Filipino-Canadians condemn killing of Filipino youth in Toronto

Community News & Features Jun 16, 2004 at 1:19 pm

(Statement on the Jeffrey Reodica case)

FILIPINO community groups in Canada condemn the shooting of 17 year-old Jeffrey Reodica by a Toronto police officer on May 21, 2004 that resulted in his death on May 24. Jeffrey was shot three times in the back after he and his friends were stopped by two plainclothes police officers.

While the Filipino community in Canada mourns and tries to grapple with the senseless death of Jeffrey, we are outraged at the brutality that he suffered in the hands of a Toronto police officer. As Filipino-Canadian youth become prime targets of the stereotyping, prejudice and discrimination embedded in Canadian institutions, the future of our already-marginalized community is, once again, under attack. The fatal shooting of Jeffrey exemplifies the escalating violence against Filipino youth in Canada.

The continuing struggle of youth of colour against racist attacks by the Toronto police is a growing concern amongst visible minority groups in the city. Youth of colour have been targets of police harassment and brutality, a glaring testimony to the police department’s long history of racial profiling that blames and criminalizes people of colour.

The killing of Jeffrey Reodica comes after the death of another Filipino youth in Vancouver in November 2003. Mao Jomar Lanot was mauled and killed by a larger group of youth at Sir Charles Tupper Secondary School. The banning of Filipino youth at Scarborough Town Centre in 1993, hate graffiti and physical violence against 25 Filipino youth at Vancouver Technical Secondary School in 1999, and the continuing harassment and labeling of Filipino youth as gangs by police in Montreal, clearly demonstrate a history of racist attacks on our community and the racial profiling of Filipino youth. And the youth suffer more from these intensifying attacks as these go unchecked, and are even condoned by the enforcers of “law and order.”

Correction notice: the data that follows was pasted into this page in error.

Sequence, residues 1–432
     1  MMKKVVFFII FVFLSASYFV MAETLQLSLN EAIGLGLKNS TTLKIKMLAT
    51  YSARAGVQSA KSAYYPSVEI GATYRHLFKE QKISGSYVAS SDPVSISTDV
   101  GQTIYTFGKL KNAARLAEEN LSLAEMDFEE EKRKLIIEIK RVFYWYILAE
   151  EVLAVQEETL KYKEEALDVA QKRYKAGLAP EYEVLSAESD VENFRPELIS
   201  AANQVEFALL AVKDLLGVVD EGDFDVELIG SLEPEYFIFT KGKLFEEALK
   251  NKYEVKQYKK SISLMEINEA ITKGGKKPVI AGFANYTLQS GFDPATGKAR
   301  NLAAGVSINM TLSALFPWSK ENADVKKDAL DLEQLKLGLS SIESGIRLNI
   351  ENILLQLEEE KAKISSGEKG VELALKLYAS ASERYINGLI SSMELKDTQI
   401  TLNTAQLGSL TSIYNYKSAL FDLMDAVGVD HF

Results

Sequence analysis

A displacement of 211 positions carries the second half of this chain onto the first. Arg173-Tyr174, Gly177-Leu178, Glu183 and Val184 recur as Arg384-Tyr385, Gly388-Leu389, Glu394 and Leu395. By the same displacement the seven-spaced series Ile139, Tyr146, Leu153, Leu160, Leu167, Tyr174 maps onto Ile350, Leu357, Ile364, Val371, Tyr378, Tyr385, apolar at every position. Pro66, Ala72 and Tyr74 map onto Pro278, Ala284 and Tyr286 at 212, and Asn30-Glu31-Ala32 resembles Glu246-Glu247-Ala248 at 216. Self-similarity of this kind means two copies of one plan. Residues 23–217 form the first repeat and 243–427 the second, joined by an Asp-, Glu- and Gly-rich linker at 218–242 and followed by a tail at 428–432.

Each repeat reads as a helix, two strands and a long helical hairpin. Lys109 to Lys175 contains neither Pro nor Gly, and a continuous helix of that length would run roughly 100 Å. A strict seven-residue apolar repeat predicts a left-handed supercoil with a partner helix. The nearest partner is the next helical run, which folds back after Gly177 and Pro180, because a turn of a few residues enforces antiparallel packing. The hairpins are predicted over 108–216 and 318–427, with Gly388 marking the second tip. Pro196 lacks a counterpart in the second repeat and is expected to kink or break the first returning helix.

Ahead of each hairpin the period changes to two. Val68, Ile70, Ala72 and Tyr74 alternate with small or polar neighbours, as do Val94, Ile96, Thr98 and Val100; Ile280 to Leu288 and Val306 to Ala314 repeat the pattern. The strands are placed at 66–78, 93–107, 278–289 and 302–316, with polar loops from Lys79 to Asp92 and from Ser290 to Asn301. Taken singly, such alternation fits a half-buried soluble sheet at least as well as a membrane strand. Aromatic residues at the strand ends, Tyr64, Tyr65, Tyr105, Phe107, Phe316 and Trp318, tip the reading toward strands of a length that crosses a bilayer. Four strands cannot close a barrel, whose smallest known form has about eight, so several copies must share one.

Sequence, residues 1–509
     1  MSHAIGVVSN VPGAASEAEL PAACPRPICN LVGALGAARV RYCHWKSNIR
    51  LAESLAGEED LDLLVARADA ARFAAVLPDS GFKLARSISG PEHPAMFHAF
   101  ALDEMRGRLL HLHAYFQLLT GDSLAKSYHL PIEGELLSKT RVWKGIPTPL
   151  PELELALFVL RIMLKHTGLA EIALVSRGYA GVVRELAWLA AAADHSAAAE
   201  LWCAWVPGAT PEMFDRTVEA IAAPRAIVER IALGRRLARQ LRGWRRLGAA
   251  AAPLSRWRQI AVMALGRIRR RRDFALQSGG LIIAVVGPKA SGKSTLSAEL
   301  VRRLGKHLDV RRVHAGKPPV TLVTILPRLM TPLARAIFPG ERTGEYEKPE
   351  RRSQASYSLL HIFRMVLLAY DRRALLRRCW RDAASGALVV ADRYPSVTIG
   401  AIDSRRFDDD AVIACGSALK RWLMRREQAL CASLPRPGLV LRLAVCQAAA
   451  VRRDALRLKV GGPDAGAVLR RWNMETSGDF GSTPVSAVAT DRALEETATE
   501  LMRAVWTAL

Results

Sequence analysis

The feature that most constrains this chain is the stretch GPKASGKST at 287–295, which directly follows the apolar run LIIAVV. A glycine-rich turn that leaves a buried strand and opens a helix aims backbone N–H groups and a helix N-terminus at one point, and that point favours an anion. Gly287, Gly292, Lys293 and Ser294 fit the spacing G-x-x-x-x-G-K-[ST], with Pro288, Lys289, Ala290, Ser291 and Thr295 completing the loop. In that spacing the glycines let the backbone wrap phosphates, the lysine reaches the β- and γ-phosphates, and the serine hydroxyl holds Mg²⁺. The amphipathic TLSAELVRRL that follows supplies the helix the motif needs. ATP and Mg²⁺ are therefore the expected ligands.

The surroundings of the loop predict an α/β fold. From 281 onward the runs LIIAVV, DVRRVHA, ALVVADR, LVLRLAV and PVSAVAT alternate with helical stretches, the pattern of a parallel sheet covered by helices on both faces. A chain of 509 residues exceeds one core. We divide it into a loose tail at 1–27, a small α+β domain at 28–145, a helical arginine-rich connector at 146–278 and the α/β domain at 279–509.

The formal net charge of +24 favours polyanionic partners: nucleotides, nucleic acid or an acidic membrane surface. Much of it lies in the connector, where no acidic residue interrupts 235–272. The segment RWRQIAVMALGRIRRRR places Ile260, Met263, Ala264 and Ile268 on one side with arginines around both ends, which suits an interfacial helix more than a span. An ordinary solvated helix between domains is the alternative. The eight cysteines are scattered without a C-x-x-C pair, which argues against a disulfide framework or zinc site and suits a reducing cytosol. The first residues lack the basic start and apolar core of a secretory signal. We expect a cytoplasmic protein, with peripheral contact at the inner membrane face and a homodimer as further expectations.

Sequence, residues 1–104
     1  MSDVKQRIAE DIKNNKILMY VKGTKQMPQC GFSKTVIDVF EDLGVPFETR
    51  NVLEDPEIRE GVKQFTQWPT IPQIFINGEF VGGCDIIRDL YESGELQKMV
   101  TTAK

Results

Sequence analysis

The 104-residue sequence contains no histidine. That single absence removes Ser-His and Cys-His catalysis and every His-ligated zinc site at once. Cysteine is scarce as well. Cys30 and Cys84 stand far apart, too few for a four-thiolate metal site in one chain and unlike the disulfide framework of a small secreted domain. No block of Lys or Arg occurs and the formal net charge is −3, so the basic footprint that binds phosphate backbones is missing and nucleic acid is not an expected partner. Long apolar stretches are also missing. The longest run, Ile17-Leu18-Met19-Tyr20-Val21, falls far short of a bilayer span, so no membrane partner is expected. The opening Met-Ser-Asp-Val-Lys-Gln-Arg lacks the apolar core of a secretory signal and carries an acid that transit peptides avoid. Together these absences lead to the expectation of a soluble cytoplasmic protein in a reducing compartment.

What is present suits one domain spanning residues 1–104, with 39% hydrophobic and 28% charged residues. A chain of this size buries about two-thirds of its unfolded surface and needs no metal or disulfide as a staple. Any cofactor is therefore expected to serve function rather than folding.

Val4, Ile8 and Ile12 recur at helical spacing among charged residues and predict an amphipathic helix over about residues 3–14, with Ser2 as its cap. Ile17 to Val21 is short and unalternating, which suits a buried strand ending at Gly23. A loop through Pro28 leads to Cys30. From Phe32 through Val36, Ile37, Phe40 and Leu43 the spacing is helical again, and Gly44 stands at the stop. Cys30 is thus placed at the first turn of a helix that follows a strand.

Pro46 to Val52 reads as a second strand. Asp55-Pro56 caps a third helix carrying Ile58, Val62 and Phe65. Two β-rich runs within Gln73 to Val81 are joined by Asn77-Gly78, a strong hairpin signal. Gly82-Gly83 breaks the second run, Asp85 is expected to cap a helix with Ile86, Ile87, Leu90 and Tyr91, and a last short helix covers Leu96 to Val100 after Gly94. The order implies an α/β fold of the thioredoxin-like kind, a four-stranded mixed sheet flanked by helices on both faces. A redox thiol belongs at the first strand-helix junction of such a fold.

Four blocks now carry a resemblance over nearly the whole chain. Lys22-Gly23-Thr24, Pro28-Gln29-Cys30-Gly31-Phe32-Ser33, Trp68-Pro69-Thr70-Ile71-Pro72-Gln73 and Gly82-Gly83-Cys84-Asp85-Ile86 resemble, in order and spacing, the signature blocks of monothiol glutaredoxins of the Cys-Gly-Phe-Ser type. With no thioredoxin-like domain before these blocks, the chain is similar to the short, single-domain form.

Everyday, thousands of Filipinos leave the Philippines to come to countries like Canada due to the worsening economic and political situation in the Philippines. We seek a better life and opportunities for our families and ourselves in Canada. However, reality bites when we, as immigrants and as people of colour, come face to face with the violence of daily exploitation and oppression. As our community struggles against the alarming violence now increasingly upon us, we can no longer turn a blind eye to the racism and violence so ingrained and so endemic in the prevailing system.

The criminalization and harassment of Filipino-Canadian youth constitute a violation of their human rights. The destructive impact of systemic and personal racism directed against Filipino-Canadians jeopardizes our community’s future, strongly disregards our cries for justice, and dismisses our valuable contributions to Canadian society. It contributes to the further segregation of our growing community, being the fourth largest immigrant group in Canada. We must therefore continue to educate and organize our community, unite with other peoples and communities of colour and win over the other marginalized and affected sectors of the Canadian populace to challenge and dare to transform those very institutions that oppress us. (June 14, 2004)

Toronto:
• Filipino Workers’ Support Committee
• Philippine Network for Justice and Peace
• Philippine Solidarity Group of Toronto
• Philippine Women Centre of Ontario
• The Organizing Committee for a Filipino-Canadian Youth Network
Vancouver:
• B.C. Committee for Human Rights in the Philippines
• Filipino Nurses Support Group
• Philippine Women Centre of B.C.
• SIKLAB
• Ugnayan ng Kabataang Pilipino sa Canada / Filipino-Canadian Youth Alliance
Montreal:
• Centre for Philippine Concerns
• Filipino Workers Support Group
• Kabataang Montreal
• PINAY
Ottawa:
• Ontario Committee for Human Rights in the Philippines
• Pilipinong Migrante sa Canada
Winnipeg:
• Manitoba Centre for Philippine Concerns

For further information call Joy at 416-878-8772.